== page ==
Gov’t, Jewish Agency, agree to cover lost Masa grants for religious centers

The cuts were made due to new financial constraints imposed on Masa itself by the government and Jewish Agency.

yeshiva study  (photo credit: Courtesy)
yeshiva study
(photo credit: Courtesy)
The government and the Jewish Agency have promised to help cover the loss in grant money usually provided by the Masa program to foreign yeshiva and seminary students in Israel, after the organization announced last month that it was cutting such financial contributions.
The cuts were made due to new financial constraints imposed on Masa itself by the government and Jewish Agency, although complaints were made that grants were totally cut only for yeshiva and seminary students.
According to World Mizrachi, following the initial announcement, chairman of the World Zionist Organization Avraham Duvdevani met with Jewish Agency chairman Issac Herzog to urge that a solution be found for the shortfall in the funding for such students. After the meeting, a committee including representatives of World Mizrachi and the affected institutions met with senior leaders in the Jewish Agency and Masa to discuss the issue.
World Mizrachi said that the government and Jewish Agency together would cover 75% of the value of the grants if World Mizrachi could find the remaining 25%.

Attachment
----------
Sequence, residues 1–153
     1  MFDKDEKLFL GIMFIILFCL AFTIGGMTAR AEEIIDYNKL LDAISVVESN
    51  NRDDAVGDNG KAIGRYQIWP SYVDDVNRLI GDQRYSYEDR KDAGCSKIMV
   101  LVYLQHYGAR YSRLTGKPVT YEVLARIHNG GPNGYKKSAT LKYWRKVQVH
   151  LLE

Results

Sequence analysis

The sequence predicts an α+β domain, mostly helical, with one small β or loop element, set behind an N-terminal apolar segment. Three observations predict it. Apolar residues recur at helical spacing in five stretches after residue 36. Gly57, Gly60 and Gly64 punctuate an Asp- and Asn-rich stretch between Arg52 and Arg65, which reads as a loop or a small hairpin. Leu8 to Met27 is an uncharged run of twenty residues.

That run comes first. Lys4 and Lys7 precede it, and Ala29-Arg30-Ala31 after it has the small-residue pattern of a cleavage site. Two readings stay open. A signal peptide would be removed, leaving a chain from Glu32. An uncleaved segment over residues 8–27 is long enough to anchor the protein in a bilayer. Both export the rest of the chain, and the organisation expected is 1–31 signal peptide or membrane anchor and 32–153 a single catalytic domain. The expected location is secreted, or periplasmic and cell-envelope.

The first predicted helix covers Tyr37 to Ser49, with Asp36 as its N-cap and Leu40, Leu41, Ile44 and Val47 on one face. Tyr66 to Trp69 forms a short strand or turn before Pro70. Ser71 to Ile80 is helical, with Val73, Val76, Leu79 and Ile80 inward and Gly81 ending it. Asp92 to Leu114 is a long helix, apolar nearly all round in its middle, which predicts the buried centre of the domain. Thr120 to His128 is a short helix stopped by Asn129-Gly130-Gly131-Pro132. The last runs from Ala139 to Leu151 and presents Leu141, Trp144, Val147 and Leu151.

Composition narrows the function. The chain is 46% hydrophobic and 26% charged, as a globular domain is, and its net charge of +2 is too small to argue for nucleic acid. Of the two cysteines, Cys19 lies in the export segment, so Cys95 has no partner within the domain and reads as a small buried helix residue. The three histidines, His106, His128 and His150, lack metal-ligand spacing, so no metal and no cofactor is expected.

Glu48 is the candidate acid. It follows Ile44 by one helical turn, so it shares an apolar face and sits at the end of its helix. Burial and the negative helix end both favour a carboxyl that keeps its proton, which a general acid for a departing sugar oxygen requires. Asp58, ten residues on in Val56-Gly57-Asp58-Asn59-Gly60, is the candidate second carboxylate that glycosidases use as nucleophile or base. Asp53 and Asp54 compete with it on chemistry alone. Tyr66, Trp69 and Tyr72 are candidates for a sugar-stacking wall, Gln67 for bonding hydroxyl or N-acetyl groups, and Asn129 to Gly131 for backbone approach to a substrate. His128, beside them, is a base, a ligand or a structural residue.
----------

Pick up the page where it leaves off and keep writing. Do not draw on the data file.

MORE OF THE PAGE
Sources in the Jewish Agency said, however, that the agreement was for the Jewish Agency and World Mizrachi to find funds themselves and that the government would match the combined total of what they contributed.
Yeshivas and seminaries are still expecting to welcome their full complement of foreign students for the new semester beginning on August 21, the first day of the Hebrew month of Elul.
First-year students are obtaining visas through the auspices of Masa, while a similar arrangement is currently being worked out for second-year students.
It is unclear as yet where the students will need to spend their 14-day quarantine.
Some institutions are capable of providing the requisite conditions for quarantine, but others are less equipped and the government has yet to issue a decision for this problem.